CAROLINE Lucas has responded after a property developer caused outrage by hiring builders to hack vintage tiles off a locally listed pub.
Charlie Southall abandoned plans to renovate the Montreal Arms in Brighton so Ukrainian refugees could be housed there after neighbours questioned his motives.
On Tuesday, workers began removing the green tiles from the pub in Albion Hill, as Mr Southall handed out a leaflet claiming they were beyond repair.
By 4pm, Brighton and Hove City Council had issued a stop notice, by which point a large sections of the tiles had been destroyed.
Brighton Pavilion MP Caroline Lucas took to social media to share her disappointment.
“This is terrible. Utter vandalism of beautiful Montreal Arms in my Brighton constituency,” she said.
“I’ve contacted the owner urging them to stop and, along with Green ward councillors, am in touch with Council’s Planning Enforcement Dept.
“This absolutely cannot go unchallenged.”
Hanover resident Ruth Boyd said if the aim was to convert the pub into housing for refugees, there was no need to remove the tiles.
“The fact that he’s chosen to attack the antique tiles – the most visible and arguably the most contentious part of the building – feels like a petty and bitter attack on the community,” she said.
“He doesn’t have planning permission or apparently the funds to do the necessary work for his ‘philanthropic project’ inside the building.
“Instead, he wastes time and money hacking away at the perfectly serviceable exterior of the property, knowing it would upset and offend those of us who want the Montreal to be able to continue as a public house.”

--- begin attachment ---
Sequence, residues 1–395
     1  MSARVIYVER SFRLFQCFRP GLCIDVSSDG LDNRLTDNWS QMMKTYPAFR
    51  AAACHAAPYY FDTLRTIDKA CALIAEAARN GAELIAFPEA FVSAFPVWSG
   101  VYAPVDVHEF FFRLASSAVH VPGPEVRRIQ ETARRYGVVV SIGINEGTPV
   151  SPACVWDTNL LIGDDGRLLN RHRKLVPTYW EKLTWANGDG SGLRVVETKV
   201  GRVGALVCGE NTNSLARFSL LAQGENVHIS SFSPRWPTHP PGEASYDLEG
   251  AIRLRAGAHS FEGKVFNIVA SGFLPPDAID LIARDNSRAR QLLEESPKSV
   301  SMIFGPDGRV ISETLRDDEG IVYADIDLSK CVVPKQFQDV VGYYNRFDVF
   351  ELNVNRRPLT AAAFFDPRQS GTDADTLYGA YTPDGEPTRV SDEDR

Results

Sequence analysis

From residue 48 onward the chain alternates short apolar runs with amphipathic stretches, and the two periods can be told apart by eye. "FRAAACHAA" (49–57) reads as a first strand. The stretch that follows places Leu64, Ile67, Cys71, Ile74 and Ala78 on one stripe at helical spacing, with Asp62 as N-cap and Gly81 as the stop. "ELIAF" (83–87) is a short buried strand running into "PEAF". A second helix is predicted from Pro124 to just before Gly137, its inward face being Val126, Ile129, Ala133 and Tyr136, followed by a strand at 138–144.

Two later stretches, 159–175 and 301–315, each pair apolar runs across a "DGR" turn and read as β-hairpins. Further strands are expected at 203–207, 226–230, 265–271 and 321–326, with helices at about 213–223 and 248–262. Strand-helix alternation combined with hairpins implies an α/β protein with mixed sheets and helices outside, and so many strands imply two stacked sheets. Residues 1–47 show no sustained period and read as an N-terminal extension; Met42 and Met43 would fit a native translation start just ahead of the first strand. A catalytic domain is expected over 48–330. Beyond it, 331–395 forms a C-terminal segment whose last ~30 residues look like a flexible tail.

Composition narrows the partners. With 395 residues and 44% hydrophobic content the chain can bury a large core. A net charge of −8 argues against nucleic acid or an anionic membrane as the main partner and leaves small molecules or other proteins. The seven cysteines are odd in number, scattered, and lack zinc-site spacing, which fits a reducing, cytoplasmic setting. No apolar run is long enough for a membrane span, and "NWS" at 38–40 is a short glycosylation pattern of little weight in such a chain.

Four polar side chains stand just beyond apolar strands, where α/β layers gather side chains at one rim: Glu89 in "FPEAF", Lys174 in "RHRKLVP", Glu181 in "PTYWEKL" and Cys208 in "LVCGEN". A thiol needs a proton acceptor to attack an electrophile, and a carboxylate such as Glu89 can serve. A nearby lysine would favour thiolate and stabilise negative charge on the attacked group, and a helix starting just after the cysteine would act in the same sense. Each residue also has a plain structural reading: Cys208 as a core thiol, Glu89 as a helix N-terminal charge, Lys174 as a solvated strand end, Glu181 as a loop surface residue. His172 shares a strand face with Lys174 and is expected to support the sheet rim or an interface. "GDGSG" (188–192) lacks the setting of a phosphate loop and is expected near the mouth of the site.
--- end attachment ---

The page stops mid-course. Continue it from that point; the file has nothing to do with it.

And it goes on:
Neighbour Ken Frost added: “The speed at which he is removing the tiles indicates that he wants the change of use to become a fait accompli.
“I trust and assume the council will stop this asap.”
Mr Southall previously said he had bought the pub “on a whim” before launching an £85,000 crowdfunder to do it up and allow Ukrainian women and children to live there for three years.
These plans would have involved a change of use from pub to residential, which Brighton and Hove City Council will now only grant after a venue has been advertised as a pub for at least two years at a fair market rent with no interest.
A change of use to residential use would significantly increase the value of the building.
The council’s deputy leader councillor Sue Shanks said she was “angry” about the situation.
“We believe there has been a breach of planning controls,” she said.
The previous owners, The Stonegate group, applied to remove the tiles last year. The application was withdrawn in October 2021 after objections.
A leaflet Mr Southall handed out to people asking why workers are removing the tiles stated: “The new property owner has exactly the same permitted development rights as any other property owner in the area, and it is entirely lawful for external features to be altered or removed.
“This is a privately owned property. Please respect the legal rights of the current property owner.”